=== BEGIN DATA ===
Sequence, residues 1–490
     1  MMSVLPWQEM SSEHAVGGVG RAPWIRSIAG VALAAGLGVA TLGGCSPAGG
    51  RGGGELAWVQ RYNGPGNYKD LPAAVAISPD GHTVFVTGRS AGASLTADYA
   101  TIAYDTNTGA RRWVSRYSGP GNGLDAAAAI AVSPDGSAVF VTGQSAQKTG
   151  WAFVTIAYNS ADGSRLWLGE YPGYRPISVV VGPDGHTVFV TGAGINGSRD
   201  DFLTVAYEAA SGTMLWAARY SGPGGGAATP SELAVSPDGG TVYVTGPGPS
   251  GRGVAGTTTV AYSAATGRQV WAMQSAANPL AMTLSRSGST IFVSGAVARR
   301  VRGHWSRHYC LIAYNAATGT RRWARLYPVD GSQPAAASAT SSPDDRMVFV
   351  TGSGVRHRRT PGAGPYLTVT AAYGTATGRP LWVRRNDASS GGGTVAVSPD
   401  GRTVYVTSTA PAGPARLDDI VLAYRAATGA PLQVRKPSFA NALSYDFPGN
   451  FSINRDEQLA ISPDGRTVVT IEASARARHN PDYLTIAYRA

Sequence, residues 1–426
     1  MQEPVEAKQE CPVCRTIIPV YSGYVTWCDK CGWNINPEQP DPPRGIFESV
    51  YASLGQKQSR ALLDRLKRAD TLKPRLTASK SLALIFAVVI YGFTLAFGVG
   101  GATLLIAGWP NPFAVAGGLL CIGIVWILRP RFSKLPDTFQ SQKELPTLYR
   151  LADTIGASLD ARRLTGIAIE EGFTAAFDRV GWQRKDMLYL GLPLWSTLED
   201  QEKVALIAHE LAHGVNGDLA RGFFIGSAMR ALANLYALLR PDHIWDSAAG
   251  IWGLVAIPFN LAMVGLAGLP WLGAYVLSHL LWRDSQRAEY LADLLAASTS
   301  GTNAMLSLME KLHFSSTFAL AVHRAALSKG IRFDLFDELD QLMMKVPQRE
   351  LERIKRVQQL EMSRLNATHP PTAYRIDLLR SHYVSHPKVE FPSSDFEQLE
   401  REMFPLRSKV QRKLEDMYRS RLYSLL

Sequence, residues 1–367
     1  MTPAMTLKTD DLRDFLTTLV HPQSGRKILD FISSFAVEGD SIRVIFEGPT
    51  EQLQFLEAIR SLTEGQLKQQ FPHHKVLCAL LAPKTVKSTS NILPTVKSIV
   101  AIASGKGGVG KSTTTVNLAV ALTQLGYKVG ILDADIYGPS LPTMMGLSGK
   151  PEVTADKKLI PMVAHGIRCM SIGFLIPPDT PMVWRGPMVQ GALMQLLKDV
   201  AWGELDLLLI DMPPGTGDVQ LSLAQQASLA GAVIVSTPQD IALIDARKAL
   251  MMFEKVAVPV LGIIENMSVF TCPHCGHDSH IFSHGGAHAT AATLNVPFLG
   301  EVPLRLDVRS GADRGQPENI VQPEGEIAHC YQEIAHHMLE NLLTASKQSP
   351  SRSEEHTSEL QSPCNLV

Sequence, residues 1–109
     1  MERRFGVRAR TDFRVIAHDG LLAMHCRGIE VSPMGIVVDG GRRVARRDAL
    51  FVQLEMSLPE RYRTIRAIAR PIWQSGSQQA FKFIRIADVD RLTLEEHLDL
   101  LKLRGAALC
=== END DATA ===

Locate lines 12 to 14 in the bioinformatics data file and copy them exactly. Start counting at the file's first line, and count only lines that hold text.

Sequence, residues 1–426
     1  MQEPVEAKQE CPVCRTIIPV YSGYVTWCDK CGWNINPEQP DPPRGIFESV
    51  YASLGQKQSR ALLDRLKRAD TLKPRLTASK SLALIFAVVI YGFTLAFGVG